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Its vendor conference season again, are your ready? Accommodation booked, event ticket snagged and you have your aisle seat reserved on the flight, now what else do you need…
Preparing before you go.
Don’t keep it a secret that you are going to the conference! OK you don’t have to brag about it on social, especially if your security conscious and your home is going to be empty, but make sure your network knows you are going. This is a chance to plan ahead and make appointments with people you want to target for face time. You may only see some of these people at events once or twice a year, make the most of it. Don’t just ask them to visit you at a booth, make the effort to seek them out.
Set yourself reminders of lists of people you want to meet, seek out their sessions if they are speakers or find out where they will be and doorstep them! I always keep an ear out for recommended sessions or good speakers and try and see them. Support others that are going to the event, they will support you back.
Events like VMworld or DTW always have intimate sessions with smaller audiences. These are a great opportunity to get to make eye contact or even speak with a presenter after the session. This is much harder to do at a keynote. In Barcelona after VMworld I blogged about the Expert Sessions that were bookable. Amazing presenters and tiny audiences. I even found myself in a session where I was the only person that turned up!
Hang around the Podcast tables and see if you can get a spot. Step out of your comfort zone and show everyone you have something to say. If you are worried about content, try something easy like a Tech Confession style podcast, the content is you!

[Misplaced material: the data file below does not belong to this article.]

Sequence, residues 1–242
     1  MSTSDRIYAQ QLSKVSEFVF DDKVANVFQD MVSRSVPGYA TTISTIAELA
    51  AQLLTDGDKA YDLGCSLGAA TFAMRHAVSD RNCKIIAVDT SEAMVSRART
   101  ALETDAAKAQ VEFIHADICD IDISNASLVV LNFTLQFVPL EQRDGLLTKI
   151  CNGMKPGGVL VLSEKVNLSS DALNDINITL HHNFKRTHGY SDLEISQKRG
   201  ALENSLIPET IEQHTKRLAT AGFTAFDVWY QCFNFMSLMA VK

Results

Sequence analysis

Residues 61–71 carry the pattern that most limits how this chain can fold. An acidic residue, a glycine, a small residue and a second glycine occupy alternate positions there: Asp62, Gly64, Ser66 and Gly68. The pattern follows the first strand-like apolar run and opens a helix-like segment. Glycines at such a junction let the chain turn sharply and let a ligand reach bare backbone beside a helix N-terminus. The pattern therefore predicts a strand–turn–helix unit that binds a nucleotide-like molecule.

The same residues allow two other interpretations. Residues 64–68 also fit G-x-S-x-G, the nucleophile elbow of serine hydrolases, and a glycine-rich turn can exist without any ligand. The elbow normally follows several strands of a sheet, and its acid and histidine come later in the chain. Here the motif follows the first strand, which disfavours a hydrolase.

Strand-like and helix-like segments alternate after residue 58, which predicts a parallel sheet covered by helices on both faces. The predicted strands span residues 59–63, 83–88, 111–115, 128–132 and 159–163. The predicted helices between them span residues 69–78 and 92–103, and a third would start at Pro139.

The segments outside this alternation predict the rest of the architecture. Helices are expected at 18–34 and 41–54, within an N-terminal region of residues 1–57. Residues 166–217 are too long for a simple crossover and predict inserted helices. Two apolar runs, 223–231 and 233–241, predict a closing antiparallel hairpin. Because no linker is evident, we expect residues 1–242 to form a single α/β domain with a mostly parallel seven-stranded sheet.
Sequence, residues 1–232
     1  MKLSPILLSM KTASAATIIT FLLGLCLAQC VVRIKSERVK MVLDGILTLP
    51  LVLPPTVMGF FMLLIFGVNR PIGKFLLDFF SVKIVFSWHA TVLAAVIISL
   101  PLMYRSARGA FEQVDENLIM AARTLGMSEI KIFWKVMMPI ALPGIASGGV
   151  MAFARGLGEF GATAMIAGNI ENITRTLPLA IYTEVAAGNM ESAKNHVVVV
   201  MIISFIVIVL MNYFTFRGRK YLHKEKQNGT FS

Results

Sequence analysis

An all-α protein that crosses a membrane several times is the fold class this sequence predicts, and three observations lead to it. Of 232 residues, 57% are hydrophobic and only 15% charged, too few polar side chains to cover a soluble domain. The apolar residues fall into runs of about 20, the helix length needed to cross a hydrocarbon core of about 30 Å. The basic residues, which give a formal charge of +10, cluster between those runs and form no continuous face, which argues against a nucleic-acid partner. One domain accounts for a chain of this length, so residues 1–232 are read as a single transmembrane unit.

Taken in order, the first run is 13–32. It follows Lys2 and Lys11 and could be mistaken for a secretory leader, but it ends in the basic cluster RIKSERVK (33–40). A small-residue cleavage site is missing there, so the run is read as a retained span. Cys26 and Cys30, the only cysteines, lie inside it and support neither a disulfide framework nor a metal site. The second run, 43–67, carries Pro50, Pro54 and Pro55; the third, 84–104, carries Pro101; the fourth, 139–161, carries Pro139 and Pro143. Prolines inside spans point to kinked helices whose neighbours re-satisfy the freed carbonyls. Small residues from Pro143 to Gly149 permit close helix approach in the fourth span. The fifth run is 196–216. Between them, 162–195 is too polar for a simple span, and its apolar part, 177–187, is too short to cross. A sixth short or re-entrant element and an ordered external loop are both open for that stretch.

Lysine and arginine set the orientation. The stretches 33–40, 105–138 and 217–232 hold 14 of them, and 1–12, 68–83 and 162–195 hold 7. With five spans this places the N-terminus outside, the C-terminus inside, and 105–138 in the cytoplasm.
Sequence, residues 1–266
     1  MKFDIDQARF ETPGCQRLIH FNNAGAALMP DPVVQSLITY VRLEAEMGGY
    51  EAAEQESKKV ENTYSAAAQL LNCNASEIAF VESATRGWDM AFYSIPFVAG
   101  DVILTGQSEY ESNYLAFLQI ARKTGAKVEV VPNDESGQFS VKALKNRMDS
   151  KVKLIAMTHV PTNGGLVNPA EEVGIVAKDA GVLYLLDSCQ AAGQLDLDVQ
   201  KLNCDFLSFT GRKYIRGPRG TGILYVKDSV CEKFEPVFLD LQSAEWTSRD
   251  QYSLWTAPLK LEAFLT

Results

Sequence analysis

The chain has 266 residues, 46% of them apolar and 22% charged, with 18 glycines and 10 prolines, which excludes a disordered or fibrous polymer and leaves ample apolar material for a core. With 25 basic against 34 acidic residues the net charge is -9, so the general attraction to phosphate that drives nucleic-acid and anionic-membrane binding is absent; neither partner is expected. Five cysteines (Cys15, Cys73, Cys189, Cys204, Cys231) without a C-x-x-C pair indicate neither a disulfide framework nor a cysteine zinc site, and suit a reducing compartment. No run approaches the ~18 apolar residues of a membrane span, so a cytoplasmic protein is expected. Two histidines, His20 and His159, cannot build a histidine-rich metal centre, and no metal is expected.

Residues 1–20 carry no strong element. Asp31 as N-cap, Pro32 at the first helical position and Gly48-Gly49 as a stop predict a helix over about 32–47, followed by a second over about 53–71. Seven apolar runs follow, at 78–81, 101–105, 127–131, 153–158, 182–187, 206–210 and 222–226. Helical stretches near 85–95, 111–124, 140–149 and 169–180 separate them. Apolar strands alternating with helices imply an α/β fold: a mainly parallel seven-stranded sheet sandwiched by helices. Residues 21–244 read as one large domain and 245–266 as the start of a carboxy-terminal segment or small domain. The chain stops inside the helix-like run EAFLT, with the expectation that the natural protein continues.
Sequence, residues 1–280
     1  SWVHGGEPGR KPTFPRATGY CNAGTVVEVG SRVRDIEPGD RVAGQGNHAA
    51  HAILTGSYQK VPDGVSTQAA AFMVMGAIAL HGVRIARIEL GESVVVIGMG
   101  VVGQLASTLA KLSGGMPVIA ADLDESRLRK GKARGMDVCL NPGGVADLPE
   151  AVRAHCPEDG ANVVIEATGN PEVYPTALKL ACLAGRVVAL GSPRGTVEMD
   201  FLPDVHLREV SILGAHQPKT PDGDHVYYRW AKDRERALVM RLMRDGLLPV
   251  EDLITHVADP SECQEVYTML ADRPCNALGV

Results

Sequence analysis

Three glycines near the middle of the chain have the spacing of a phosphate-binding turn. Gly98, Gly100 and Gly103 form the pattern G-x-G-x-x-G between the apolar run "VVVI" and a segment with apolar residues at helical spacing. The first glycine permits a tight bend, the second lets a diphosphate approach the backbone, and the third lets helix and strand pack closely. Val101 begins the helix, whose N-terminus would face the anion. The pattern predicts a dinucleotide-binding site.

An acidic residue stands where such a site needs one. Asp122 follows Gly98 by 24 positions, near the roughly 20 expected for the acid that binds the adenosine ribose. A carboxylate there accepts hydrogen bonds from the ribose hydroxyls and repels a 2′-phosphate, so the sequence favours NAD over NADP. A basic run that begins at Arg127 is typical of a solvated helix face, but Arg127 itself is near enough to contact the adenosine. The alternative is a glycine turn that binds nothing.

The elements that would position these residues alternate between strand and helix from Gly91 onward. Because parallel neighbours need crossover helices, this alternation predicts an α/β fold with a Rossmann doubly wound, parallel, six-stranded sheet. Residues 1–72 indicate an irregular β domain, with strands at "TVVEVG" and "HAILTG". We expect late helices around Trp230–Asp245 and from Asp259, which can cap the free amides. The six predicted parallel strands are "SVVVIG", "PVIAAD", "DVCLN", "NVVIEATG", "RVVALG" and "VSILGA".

What’s in the phone?
Make sure you have loaded up the essential phone apps for the event, you will not want to lug around a laptop just to check a schedule or confirm a flight.
- Dell Tech World app is up, be sure to install it and nail down your schedule.
- Google Maps. This is a must IMHO. Visiting a new city for the event? Download the offline map and get tips and advice from locals on the best places to visit before or after the event kicks into high gear.
- Travel Apps. All major airlines, Uber or Lyft or a local service. I use TripIt linked to my gmail, handy for itinerary and travel planning. I am trying out Google Trips for the first time this event, good so far!
- Expenses? Amex and Concur have good apps. Nothing worse than having to dig thru a pile of receipts when you get home. Concur has gotten really smart at creating entries directly from images of receipts.
- Communications. Nothing worse than being on your own at an event when you want to meet up with friends or contacts. Plan ahead and create WhatsApp groups or use Slack/Teams to reconnect with people. This year we are trying out WhenIWork app that looks pretty powerful, and includes a scheduler for team members.
- Podcast! No better place to collect new podcasts in your catcher, I use Podcast Addict. You can also try and start your own one using the Anchor app, maybe a roving reporter style?
What’s in the suitcase?
Before you pack you have checked the local weather right? Use YR app and make sure you are covered for all possible seasons as well as a flexible wardrobe for business and casual events. Have you got the right shoes? If you don’t have a comfortable pair, rush out now and buy some. You still have time to get them broken in BEFORE you put them on in Vegas. Dress shoes for the customer dinners, black shoes for booth duty and runners for downtime. I over-pack underwear and socks, never want to run out. Day Shirt and Evening shirt please, let the event dictate the style. Don’t forget to pack a big enough bag for the return trip, especially if you are into collecting swag.